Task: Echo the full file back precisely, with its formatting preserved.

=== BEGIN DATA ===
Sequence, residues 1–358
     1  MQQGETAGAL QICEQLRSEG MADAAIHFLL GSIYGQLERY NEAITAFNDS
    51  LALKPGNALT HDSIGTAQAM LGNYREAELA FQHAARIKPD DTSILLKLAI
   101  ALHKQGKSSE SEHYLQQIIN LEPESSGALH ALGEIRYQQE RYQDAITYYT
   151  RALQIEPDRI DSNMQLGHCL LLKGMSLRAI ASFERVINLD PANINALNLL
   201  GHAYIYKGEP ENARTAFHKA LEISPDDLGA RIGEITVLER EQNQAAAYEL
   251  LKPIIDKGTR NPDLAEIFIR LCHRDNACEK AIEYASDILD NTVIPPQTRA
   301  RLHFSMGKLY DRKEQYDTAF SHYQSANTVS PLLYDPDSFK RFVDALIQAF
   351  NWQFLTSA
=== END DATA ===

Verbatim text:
Sequence, residues 1–358
     1  MQQGETAGAL QICEQLRSEG MADAAIHFLL GSIYGQLERY NEAITAFNDS
    51  LALKPGNALT HDSIGTAQAM LGNYREAELA FQHAARIKPD DTSILLKLAI
   101  ALHKQGKSSE SEHYLQQIIN LEPESSGALH ALGEIRYQQE RYQDAITYYT
   151  RALQIEPDRI DSNMQLGHCL LLKGMSLRAI ASFERVINLD PANINALNLL
   201  GHAYIYKGEP ENARTAFHKA LEISPDDLGA RIGEITVLER EQNQAAAYEL
   251  LKPIIDKGTR NPDLAEIFIR LCHRDNACEK AIEYASDILD NTVIPPQTRA
   301  RLHFSMGKLY DRKEQYDTAF SHYQSANTVS PLLYDPDSFK RFVDALIQAF
   351  NWQFLTSA